WASHINGTON: US President Joe Biden on Friday said he would nominate former Treasury official Michael Barr to be the Federal Reserve’s top regulatory official, replacing Sarah Bloom Raskin who withdrew in March after failing to win the backing of moderate Democrats.
Barr, currently a professor at the University of Michigan Law School, was a central figure at the Treasury under President Barack Obama when Congress passed the 2010 Dodd-Frank financial reform law in the wake of the 2007-09 financial crisis, and helped create the Consumer Financial Protection Bureau (CFPB).
“Michael brings the expertise and experience necessary for this important position at a critical time for our economy and families across the country,” Biden said in a statement.
The Fed vice chair for supervision is responsible for overseeing the biggest banks, determining proper capital ratios, and represents the United States in cross-border negotiations over international banking standards.
As Treasury assistant secretary for financial institutions, Barr helped shape the Wall Street post-crisis overhaul, Biden said, adding that Barr had strong support across the political spectrum. He noted that Barr had been confirmed on a bipartisan basis for the Treasury post in 2009.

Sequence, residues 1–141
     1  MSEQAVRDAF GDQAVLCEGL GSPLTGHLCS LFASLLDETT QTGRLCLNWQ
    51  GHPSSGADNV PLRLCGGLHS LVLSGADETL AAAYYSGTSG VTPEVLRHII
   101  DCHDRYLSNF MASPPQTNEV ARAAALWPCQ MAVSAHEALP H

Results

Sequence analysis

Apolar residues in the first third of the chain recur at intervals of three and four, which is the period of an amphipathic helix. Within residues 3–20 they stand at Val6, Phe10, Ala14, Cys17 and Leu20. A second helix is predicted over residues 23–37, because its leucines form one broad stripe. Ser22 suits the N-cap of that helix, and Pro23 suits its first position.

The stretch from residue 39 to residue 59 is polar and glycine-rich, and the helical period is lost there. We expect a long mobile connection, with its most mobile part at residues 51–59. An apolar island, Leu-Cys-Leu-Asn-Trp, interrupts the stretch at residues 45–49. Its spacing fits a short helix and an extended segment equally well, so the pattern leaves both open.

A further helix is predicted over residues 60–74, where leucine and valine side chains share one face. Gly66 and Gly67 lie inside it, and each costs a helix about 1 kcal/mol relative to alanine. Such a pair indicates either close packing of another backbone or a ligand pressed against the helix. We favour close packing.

However, Patrick Toomey, the top Republican on the Senate Banking Committee, criticized Barr’s support of the Dodd Frank law, which Toomey said enshrined taxpayer bank bailouts. He also said the CFPB was “unaccountable” and “unconstitutional.”
“For these and other reasons, I have concerns about his nomination, but I look forward to meeting and discussing these and other matters,” Toomey said in a Friday statement.
The president said he would work closely with the Senate Banking Committee to move Barr’s nomination forward quickly, and called on the Senate – which is evenly split with Democrats holding the tie-breaker vote – to swiftly confirm his four other Fed nominees, including Jerome Powell for a second term as chair and Fed Governor Lael Brainard for vice chair.
A vote is expected on Powell, Brainard and economists Philip Jefferson and Lisa Cook, both nominated to fill vacant Fed board seats, after the Senate returns from the Easter break.